And here's Richard Primus, a constitutional law professor at the University of Michigan and former Supreme Court clerk, via e-mail:
As was true before today, I wouldn't be surprised to see the thing go down 5-4. But it's still the case that I wouldn't be surprised to see it upheld, either. Roberts and Kennedy were asking exactly the questions that I'd expect them to ask irrespective of which way they are going. I would now be somewhat surprised to see Scalia come on board -- I have a pretty good idea of what his opinion distinguishing this case from Raich will look like. But I can also imagine quite easily what Kennedy's opinion sustaining the law would look like. ... Don't misunderstand me. Today was not encouraging for the government. But the game isn't over, either. All in all, I think it's mostly where it was before, and we'll still have to wait and see.
Later I’ll have more to say about these portents, favorable and unfavorable. Or, more accurately, a colleague will have more to say about them. (Watch this space.) In the meantime, though, assume that the court does strike down the mandate. That leads to another question: What else might it strike down? That’s one subject the Court will take up on Wednesday, in its final day of hearings on this case.
The issue is “severability.” That’s the question of whether, by invalidating one part of the law, the Court must invalidate the whole thing. Normally, laws include a severability clause, stipulating that the statute can survive even if the courts throw out one part. The Affordable Care Act lacks such a provision, apparently as a byproduct of poor drafting. Citing that, the states argue that the Court should throw out the whole law if it decides to strike down the mandate.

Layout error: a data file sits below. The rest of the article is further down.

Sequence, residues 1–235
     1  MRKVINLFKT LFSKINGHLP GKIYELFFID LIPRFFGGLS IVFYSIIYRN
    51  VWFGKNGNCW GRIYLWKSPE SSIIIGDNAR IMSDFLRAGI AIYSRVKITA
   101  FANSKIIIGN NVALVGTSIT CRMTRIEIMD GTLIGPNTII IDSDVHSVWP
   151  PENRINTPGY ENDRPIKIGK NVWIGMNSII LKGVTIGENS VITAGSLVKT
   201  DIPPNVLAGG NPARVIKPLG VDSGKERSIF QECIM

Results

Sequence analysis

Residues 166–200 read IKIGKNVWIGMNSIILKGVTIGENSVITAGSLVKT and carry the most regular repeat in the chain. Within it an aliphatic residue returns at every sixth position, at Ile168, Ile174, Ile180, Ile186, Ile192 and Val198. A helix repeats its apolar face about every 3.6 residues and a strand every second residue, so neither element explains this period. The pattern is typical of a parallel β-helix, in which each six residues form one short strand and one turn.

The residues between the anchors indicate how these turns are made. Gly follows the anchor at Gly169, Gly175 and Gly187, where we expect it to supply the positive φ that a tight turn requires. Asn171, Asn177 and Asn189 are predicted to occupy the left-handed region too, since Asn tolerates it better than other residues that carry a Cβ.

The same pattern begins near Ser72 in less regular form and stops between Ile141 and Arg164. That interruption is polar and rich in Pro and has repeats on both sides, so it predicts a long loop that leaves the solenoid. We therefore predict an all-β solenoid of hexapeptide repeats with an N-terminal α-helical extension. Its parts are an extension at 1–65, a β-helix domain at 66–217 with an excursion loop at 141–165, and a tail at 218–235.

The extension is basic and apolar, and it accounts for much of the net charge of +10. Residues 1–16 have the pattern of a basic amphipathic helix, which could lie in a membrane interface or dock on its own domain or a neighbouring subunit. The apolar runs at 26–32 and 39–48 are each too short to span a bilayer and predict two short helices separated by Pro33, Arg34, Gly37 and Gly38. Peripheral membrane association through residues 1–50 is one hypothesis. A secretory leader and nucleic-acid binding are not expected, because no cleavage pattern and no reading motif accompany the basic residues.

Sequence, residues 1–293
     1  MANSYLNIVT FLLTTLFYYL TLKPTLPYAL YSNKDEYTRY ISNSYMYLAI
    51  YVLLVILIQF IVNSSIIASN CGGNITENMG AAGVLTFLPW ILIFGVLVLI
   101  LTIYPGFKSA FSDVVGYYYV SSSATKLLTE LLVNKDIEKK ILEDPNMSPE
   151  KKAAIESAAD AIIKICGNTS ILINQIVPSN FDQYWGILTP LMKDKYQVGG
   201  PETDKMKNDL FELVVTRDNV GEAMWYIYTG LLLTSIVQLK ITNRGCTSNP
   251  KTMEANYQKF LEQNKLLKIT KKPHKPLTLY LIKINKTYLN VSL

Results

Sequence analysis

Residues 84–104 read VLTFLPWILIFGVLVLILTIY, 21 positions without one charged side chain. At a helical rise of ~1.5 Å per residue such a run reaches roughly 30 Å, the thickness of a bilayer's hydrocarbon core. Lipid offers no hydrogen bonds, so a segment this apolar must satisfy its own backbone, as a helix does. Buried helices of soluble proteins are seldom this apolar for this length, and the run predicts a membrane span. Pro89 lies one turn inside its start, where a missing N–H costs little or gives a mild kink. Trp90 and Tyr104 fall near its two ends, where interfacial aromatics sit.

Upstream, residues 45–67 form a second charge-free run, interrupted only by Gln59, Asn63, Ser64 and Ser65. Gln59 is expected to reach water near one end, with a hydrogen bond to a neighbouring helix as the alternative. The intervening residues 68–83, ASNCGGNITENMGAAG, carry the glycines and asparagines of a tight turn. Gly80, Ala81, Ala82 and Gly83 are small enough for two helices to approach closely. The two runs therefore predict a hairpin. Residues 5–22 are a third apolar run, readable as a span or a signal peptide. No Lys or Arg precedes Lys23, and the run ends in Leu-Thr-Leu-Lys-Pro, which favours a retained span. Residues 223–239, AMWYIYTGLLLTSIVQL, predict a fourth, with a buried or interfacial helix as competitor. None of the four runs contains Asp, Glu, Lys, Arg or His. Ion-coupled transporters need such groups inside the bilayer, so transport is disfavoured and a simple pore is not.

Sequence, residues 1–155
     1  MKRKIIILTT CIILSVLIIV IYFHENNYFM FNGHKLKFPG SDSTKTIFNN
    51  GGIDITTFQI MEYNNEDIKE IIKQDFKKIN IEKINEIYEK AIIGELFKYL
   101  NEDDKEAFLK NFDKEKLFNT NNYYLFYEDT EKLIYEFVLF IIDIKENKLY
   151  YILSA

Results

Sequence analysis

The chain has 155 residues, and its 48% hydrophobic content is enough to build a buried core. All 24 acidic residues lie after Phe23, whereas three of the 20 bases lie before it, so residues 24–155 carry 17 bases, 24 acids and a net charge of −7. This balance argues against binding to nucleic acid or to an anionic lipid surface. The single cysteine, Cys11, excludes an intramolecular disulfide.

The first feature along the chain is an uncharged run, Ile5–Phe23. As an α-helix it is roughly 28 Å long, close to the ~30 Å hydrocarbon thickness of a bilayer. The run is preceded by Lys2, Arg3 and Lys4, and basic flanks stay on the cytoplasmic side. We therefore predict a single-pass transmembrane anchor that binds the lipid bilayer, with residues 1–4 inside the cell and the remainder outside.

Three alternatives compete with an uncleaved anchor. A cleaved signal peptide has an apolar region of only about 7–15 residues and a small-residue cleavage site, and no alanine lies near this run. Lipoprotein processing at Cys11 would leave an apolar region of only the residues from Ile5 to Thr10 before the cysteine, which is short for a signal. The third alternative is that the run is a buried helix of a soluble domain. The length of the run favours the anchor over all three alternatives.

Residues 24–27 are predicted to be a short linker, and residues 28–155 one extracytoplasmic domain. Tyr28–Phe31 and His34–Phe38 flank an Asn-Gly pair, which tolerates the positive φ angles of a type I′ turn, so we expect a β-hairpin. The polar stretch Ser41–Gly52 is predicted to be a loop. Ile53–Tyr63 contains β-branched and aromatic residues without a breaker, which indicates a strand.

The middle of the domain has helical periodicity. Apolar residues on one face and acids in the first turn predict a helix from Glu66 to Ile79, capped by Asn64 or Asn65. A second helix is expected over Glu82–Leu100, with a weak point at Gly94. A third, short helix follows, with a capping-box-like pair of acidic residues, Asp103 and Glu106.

The government disagrees, except for one key caveat: It sees the insurance reforms as the equivalent of a package deal. Without the individual mandate, the government says, regulations requiring insurers to provide coverage to everybody (“guaranteed issue”) at a uniform price (“community rating) can’t work. (Whether the court should actually throw out those regulations now actually seems to be a separate question, having to do with legal issues I only partly understand and won't bother to explain right now.)
Given that the states also find the mandate essential to community rating and guaranteed issue, could the courts nevertheless strike down the mandate but leave those other two insurance reforms in place? Actually, the answer is yes. The court has even solicited a brief to this effect, from a lawyer making the case that ditching the mandate needn’t require ditching the rest of the insurance reforms. I happen to think he has a point, or half of one anyway.
As a practical matter, insurance reform without a mandate causes serious problems. If you don’t believe me, read my story from last week about New Jersey, which tried to do just that—and failed miserably. It’s the nature of the beast. Once you create an insurance system where everybody is entitled to coverage, rates will go up unless most people participate. And as the rates go up, more people flee the system. You end up with what the wonks call an “adverse selection death spiral.”